CHICAGO, IL – Doctors are flabbergasted by what Nintendo has achieved. For years, they have been telling patients to stop playing video games and go outside and exercise. Then, in one day, Nintendo made it happen in record numbers with a video game. Thanks to the new “Pokemon Go” game for smartphones, couch potatoes across the nation are heading outside to search for the digital mythical creatures.

“It’s the most realistic game I’ve ever played,” said Jabba T. Hutt, a morbidly obese gamer from Tatooine, Indiana. “I went looking for Pikachu, and I could feel like there was actually soft grass under me! Oh, and the lighting in this game is fantastic!” Mr. Hutt seemed blissfully unaware he was walking on actual grass underneath actual sunlight, having not experienced those sensations in the past 30 years.

One patient, who wished to remain anonymous, told GomerBlog, “For years I’ve been suffering from terrible fibromyalgia. I’d just sit indoors and complain about my pain all day. My psychiatrist couldn’t do anything about it. But, who needs a psychiatrist when I’ve got Psyduck!” Her psychiatrist did not wish to comment due to patient privacy reasons, but sources close to the psychiatrist report hearing him remark, “Taking a walk outside and not thinking about your pain cured your fibromyalgia? I told you so!”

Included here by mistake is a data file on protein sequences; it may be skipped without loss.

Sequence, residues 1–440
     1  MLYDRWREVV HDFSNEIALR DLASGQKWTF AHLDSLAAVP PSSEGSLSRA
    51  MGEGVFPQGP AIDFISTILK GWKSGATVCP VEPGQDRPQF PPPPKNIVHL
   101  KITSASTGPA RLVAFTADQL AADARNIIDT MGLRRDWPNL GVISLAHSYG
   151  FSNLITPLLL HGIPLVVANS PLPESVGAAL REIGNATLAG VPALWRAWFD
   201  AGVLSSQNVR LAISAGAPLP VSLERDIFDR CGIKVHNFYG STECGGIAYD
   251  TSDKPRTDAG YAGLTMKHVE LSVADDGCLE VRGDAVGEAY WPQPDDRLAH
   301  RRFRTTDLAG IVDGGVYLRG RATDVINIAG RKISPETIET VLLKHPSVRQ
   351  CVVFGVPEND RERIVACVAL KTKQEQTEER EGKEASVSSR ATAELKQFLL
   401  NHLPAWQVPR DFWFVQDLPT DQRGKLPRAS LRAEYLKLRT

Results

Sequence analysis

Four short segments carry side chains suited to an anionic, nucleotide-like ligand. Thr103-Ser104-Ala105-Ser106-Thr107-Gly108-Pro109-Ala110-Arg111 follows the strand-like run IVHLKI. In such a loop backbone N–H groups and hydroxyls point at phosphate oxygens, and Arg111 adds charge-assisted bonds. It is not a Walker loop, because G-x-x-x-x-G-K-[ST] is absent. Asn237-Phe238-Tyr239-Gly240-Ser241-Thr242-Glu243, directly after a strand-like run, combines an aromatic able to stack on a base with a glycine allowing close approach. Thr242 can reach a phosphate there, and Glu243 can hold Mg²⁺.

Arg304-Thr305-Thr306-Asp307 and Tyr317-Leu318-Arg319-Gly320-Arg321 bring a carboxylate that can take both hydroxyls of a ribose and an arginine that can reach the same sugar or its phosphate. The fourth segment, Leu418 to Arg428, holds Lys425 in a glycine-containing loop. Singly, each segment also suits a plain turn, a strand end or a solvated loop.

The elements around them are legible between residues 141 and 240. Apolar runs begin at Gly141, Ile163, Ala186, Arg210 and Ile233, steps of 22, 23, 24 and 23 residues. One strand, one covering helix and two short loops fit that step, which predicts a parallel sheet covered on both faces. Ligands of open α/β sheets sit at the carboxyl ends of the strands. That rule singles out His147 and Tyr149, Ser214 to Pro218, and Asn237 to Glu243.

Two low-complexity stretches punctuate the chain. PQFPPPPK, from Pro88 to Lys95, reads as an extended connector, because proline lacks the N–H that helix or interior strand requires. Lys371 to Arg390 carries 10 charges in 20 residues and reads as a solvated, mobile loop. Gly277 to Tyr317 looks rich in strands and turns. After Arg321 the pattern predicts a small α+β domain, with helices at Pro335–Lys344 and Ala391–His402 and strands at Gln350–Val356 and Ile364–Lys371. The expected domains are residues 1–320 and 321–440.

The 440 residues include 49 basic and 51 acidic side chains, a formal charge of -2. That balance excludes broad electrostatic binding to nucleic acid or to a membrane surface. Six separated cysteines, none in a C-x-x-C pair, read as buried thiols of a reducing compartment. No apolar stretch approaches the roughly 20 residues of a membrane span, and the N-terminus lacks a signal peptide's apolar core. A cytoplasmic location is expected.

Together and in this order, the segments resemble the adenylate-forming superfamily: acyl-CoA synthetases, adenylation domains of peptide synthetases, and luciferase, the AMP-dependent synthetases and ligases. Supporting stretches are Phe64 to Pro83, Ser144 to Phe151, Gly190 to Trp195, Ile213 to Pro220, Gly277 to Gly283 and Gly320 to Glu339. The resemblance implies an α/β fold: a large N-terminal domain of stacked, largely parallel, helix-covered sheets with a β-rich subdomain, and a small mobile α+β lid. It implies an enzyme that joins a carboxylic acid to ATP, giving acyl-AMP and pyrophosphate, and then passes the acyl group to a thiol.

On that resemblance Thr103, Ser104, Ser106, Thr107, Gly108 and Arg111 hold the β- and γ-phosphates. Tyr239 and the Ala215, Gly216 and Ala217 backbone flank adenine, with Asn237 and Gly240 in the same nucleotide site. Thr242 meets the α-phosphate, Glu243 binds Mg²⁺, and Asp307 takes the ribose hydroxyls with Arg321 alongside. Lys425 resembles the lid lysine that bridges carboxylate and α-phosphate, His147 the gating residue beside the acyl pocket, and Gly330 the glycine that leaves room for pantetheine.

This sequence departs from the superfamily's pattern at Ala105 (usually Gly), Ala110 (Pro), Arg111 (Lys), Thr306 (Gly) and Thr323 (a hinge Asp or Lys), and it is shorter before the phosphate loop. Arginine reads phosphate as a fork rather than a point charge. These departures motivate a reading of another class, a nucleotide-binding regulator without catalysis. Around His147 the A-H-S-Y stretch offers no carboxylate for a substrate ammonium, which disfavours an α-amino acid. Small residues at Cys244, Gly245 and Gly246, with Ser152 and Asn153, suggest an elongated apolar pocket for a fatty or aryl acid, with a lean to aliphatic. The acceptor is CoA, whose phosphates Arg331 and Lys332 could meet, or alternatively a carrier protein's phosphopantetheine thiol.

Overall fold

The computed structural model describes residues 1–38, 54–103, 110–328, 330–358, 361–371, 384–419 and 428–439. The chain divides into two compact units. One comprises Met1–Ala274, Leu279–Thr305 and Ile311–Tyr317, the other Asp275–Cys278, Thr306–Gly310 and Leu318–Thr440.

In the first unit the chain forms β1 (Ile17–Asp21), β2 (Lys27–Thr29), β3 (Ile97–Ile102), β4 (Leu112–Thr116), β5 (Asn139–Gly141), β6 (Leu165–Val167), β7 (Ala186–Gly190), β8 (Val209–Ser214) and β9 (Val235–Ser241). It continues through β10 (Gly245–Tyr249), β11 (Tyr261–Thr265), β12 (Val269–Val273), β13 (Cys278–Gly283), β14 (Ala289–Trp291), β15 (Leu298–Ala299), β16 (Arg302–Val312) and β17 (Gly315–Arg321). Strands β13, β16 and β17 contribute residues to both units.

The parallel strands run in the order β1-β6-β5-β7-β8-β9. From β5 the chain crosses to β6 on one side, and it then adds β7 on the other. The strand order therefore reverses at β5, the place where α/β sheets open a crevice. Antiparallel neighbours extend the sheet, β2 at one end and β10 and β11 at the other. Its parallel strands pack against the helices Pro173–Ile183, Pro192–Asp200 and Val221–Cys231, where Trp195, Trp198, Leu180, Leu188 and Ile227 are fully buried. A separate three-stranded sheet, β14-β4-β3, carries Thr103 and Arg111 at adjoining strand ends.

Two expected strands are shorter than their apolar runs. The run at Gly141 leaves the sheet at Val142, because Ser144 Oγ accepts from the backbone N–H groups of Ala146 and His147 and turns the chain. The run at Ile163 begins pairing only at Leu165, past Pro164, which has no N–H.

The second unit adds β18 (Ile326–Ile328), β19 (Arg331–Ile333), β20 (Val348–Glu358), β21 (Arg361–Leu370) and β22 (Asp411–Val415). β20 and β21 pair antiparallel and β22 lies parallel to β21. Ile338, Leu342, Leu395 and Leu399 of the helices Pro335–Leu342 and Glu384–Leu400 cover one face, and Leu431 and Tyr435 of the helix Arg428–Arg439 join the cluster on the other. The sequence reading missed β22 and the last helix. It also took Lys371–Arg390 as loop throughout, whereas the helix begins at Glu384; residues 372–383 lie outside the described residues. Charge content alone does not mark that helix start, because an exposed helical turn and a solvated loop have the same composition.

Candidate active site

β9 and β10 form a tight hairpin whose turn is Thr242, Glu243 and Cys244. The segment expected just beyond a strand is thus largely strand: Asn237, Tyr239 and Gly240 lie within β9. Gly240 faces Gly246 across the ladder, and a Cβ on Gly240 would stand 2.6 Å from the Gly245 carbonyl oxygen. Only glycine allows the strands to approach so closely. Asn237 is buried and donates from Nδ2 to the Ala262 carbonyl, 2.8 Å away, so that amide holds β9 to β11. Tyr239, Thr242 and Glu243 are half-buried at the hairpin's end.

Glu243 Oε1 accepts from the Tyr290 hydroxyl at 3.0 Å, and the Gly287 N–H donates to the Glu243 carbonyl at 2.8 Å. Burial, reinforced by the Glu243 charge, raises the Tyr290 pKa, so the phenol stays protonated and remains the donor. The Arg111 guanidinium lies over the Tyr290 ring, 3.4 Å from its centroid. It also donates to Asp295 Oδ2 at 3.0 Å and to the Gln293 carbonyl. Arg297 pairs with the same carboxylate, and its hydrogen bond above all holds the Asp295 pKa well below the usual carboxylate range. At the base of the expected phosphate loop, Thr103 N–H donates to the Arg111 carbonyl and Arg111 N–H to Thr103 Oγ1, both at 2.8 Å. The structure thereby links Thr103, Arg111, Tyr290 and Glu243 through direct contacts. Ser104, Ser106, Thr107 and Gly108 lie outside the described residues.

Dr. Vincent Mario of Doctors University Hospital, who consulted for Nintendo in this creation, is very pleased at the outcome. “In the past 24 hours, we’ve already seen patients who’ve never exercised in their lives running around the neighborhood looking for Pokemon.” Dr. Mario cites a 3,000% increase in swimming in the past 24 hours as patients go searching for the elusive aquatic Squirtle. “I expect to see a drop in rates of vitamin D deficiency as well as diabetes, hypertension, heart disease, and other obesity-related conditions as people get out of their houses to do what man was always meant to do outside: play video games.”

The American Medical Association is in discussion with Nintendo about coming up with video games that make people check their blood sugars, eat healthy, and not ask for that one medication that starts with “D.”

Laws of Medicine
Laws of Medicine is dually specialized in Internal Medicine and Pediatrics. His accolades include the landmark papers, "Ignorance is a treatable condition but stupidity is not" and "People do irrational things for rational reasons," both published in the New England Journal of Medicine. When not practicing medicine or writing satire, he does pro bono work as a superhero